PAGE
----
Recent Queensland decision

 In Cincovic v Blenner’s Transport Pty Ltd[6] the plaintiff was successful in his claim against his former employer for a workplace incident caused by a co-worker.

The plaintiff was a truck driver who would attend at his employer’s depot to load and unload from his truck. In the course of moving a pallet jack from one point to another the plaintiff rode the pallet jack like a scooter. During which, a fellow co-worker approached the plaintiff from behind and kicked the pallet jack, causing the plaintiff to fall off and strike his head and back on the concrete floor. The plaintiff suffered serious back and head injuries.

The employer firstly claimed as a defence that it did not contribute to the accident because the plaintiff was engaged in horseplay at the time, which was expressly against the employer’s Code of Conduct and training. This argument was rejected by Justice Boddice, who found that the employer knew that employees rode pallet jacks like scooters and failed to establish a system of work which prohibited such conduct.[7]

Secondly, the employer claimed it was not vicariously liable for the spontaneous kick of the pallet jack by its employee. His Honour found that while the kicking of the pallet jack was not authorised by the employer, the act occurred while the pallet jack was being moved for the purpose of shifting it to a desired location. The act was deemed to be within the scope of the employee’s employment, as the kick was not necessarily designed to harm, but rather as an act in assisting the pallet jack on its way.[8]

The plaintiff was awarded damages in the sum of $874,669.70.


If this article has raised any concerns for you or your organisation please do not hesitate to contact either of the authors for advice specific to your circumstances  We can also help advise you in relation to appropriate position descriptions and policies regulating workplace behaviour.

[1] Hollis v Vabu Pty Ltd [2001] HCA 44, per Gleeson CJ, Gaudron, Gummow, Kirby and Hayne JJ, [35].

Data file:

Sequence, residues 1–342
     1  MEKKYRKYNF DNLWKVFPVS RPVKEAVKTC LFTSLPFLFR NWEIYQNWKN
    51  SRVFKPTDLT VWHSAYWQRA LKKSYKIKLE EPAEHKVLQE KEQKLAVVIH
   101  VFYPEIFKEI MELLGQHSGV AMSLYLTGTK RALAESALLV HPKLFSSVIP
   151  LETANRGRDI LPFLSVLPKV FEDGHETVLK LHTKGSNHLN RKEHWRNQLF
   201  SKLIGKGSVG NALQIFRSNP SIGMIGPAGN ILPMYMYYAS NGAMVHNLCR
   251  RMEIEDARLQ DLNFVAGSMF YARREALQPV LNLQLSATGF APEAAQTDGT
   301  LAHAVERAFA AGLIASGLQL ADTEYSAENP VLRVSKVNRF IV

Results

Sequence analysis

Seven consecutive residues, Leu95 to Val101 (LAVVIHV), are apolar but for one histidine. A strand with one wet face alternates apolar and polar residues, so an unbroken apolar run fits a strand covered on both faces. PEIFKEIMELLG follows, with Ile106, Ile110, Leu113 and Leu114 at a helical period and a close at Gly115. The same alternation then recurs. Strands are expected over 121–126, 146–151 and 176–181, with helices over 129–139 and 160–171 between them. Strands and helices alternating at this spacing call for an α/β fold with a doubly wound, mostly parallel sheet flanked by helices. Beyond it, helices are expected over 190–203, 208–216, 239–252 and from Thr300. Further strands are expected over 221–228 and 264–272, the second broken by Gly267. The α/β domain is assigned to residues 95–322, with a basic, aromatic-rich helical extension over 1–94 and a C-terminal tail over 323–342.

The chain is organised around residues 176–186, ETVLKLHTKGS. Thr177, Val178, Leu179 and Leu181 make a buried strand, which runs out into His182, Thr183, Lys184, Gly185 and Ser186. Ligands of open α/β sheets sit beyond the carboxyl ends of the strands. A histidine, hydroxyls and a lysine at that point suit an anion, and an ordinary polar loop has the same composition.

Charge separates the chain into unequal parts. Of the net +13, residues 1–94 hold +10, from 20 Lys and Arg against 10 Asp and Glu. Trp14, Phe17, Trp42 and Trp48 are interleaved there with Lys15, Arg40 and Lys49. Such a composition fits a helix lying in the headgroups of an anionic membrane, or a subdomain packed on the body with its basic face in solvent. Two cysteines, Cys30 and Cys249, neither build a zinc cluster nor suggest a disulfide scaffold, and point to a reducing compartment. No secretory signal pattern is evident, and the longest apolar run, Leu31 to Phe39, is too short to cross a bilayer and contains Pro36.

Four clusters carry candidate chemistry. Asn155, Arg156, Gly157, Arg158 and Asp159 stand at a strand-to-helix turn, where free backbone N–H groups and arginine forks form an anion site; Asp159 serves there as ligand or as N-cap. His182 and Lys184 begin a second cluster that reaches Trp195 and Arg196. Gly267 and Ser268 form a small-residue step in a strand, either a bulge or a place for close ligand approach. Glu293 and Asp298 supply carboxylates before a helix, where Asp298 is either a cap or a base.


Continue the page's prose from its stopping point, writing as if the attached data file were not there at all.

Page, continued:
[2] Deatons Pty Ltd v Flew (1949) 79 CLR 370.

[3] Prince Alfred College Inc v ADC (2016) 258 CLR 134, [81]-[84] where vicarious liability in circumstances of intentional wrongful conduct of employees was revisited by the High Court and the “relevant approach” was applied. This approach assesses the authority, power, trust, control and intimacy a perpetrator is able to gain by means of their employment to the victim. This test extends the “scope of employment” requirements for vicarious liability in circumstances of wrongful or criminal acts by employees. Compare to New South Wales v Lepore  (2003) 212 CLR 511, per Gleeson CJ, [78] and Gummow and Hayne JJ, [243] where employers would not be liable for an employee’s sexual behaviour as it was not within the scope of their employment.

[4] Robinson v Jane Pty Ltd [2017] QDC 266, [121].

[5] Sexual Harassment Costs and Consequences: the David Jones Case, [2011] EqTimeNSWADBNlr 2.

[6] [2017] QSC 320.

[7] Cincovic v Blenner’s Transport Pty Ltd [2017] QSC 320 [175].

[8] Cincovic v Blenner’s Transport Pty Ltd [2017] QSC 320 [179]-[181].

Should you wish to discuss any matters arising out of this article, please contact the author:



Broadley Rees Hogan (BRH Lawyers) is an independent firm, specialising in corporate, commercial, property, construction and litigation. Based in Brisbane, we act for clients across the country and internationally – for an unassuming firm, we know how to deal big.